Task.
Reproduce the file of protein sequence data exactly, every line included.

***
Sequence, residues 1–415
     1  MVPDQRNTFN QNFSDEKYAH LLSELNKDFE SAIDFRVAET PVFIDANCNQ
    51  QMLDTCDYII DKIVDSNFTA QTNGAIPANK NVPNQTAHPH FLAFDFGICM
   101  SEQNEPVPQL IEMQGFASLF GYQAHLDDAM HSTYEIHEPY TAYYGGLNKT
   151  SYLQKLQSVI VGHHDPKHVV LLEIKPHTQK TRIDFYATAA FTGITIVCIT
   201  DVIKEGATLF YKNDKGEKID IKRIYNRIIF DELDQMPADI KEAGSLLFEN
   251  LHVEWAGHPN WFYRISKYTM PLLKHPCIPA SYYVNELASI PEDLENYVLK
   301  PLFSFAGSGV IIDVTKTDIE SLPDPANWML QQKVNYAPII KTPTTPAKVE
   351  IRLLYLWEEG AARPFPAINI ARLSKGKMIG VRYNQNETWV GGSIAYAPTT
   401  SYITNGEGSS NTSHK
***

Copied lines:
Sequence, residues 1–415
     1  MVPDQRNTFN QNFSDEKYAH LLSELNKDFE SAIDFRVAET PVFIDANCNQ
    51  QMLDTCDYII DKIVDSNFTA QTNGAIPANK NVPNQTAHPH FLAFDFGICM
   101  SEQNEPVPQL IEMQGFASLF GYQAHLDDAM HSTYEIHEPY TAYYGGLNKT
   151  SYLQKLQSVI VGHHDPKHVV LLEIKPHTQK TRIDFYATAA FTGITIVCIT
   201  DVIKEGATLF YKNDKGEKID IKRIYNRIIF DELDQMPADI KEAGSLLFEN
   251  LHVEWAGHPN WFYRISKYTM PLLKHPCIPA SYYVNELASI PEDLENYVLK
   301  PLFSFAGSGV IIDVTKTDIE SLPDPANWML QQKVNYAPII KTPTTPAKVE
   351  IRLLYLWEEG AARPFPAINI ARLSKGKMIG VRYNQNETWV GGSIAYAPTT
   401  SYITNGEGSS NTSHK